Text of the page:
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If predicting the future is really difficult, predicting the future of healthcare is nearly impossible.
Despite the challenge, patients are the reason for hope that 2024 will bring a renewed commitment to advancing technology and simplifying health intelligence sharing—helping healthcare heal itself.
Addressing the challenges facing each part of the healthcare industry will require an all-of-the-above approach. It will require healthcare stakeholders to collaborate, aligning on meaningful policy changes and restructuring compensation for care providers to support the evolving care team.
And in 2024, Surescripts will continue to support collaboration between pharmacists and physicians, delivering the patient intelligence they need to work as a team and to do what they do best—provide comprehensive, better-informed care for their patients—no matter where they live.
But don’t just take it from me.
At Surescripts and across the Surescripts Network Alliance, we have countless experts and subject matter experts with unique insights on how they envision healthcare will evolve in 2024. Here’s what they predict:
Andrew Mellin, M.D., Vice President and Chief Medical Information Officer, Surescripts
“Today, doctors are forced to work the way computers do. But in 2024, we can make it simpler, with new technologies enabling computers to work the way doctors do. Burnout continues to be a huge challenge across healthcare and as care teams expand, technology will restore a more natural workflow for clinicians and help return more focus to the patient.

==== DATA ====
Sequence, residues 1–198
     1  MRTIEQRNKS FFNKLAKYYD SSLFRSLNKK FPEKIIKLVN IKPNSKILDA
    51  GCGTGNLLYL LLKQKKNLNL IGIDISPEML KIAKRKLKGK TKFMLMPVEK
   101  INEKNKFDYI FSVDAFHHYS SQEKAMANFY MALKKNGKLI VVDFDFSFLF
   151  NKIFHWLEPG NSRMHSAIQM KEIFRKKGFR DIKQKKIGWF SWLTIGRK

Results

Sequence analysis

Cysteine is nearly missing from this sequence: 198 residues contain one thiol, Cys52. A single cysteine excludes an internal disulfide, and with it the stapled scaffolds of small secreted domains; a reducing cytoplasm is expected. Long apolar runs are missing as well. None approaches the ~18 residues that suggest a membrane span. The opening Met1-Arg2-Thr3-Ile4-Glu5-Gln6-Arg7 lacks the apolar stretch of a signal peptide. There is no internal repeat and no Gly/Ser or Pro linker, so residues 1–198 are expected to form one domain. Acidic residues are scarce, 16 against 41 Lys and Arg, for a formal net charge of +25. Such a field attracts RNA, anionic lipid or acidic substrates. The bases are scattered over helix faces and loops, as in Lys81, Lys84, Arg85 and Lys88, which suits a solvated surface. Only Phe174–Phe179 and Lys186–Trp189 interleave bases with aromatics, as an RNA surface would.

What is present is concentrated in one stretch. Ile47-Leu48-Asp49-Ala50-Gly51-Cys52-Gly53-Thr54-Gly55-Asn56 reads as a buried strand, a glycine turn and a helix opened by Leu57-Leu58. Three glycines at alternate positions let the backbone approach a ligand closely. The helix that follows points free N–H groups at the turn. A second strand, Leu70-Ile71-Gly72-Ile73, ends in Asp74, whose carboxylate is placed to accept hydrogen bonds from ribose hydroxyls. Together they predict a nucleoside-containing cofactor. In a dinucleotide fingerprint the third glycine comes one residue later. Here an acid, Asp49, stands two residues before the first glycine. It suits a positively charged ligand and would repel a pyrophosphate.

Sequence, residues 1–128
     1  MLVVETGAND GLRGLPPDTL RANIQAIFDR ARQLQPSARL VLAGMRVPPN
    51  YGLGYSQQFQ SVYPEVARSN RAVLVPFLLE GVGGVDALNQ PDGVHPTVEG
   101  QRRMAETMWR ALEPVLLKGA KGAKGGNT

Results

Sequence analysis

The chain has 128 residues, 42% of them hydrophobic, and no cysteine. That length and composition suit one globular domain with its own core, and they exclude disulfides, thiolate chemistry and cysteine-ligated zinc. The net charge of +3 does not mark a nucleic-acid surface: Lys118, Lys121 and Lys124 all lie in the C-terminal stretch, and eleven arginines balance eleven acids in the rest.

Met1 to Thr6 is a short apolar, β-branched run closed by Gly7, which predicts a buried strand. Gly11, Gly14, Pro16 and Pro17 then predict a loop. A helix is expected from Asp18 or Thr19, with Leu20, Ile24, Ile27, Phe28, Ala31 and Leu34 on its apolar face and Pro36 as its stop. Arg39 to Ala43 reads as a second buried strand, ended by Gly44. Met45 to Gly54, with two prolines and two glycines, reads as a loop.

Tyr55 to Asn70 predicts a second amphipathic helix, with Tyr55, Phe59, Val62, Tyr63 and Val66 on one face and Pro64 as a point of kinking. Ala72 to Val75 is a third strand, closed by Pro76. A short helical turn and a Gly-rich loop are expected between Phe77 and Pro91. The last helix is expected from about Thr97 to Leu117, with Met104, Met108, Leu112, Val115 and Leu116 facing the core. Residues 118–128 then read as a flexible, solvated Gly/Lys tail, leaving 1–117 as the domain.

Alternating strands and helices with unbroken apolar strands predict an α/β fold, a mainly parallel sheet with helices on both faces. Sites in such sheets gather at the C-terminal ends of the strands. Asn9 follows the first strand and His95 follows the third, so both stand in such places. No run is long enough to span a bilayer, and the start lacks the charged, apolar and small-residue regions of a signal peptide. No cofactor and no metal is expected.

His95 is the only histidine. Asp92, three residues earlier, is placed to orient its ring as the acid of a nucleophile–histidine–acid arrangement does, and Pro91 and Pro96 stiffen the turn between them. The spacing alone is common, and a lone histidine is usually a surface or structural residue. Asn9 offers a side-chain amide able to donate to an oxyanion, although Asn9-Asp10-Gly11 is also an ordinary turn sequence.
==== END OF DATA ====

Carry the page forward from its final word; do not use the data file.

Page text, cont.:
“Technology will greatly reduce the mechanical and administrative elements of being a doctor or clinician, allowing for more time for empathy—enabling deeper conversations about the patient’s health that align with what’s best for the patient.”
Joel Helle, R.Ph., Vice President of Physician Services of CVS Specialty, CVS Health
“In 2024, I anticipate more awareness and attention on new innovations that are helping to drive affordable and accessible care, especially in the realm of health equity. In the world of prescription drugs, the growing biosimilars pipeline is an incredible opportunity to use competition to drive down costs and make medications more accessible for patients. In line with current trends, in 2024 we expect to see the role of technology expand to facilitate direct patient interactions, clinical duties and consultations. Our years of experience utilizing automation, machine learning and AI to help ensure patients’ access to safe and accurate prescriptions.”
Larry King, Pharm.D., Director, Intelligent Prescribing, Surescripts
“Pharmacists are doing more to provide routine care for their patients, including immunizations and test-to-treat for common illnesses like strep, on top of their regular work tied to dispensing medications. As patient care teams continue to evolve and support greater collaboration between doctors and pharmacists, the system they work within today -- focused on output rather than clinical outcomes – must also evolve.
“Removing the structural burdens and administrative hoops clinicians must jump through is going to be key to alleviating burnout for doctors, pharmacists and other care providers. In 2024, we will see more technology that brings automation to the pharmacy that supports administrative tasks and allows pharmacists and pharmacy technicians to provide care at the top of the education and training, while the healthcare industry works to align policy and payment structures to match the level of care they are providing patients today.”
Lynne Nowak, M.D., Chief Data and Analytics Officer, Surescripts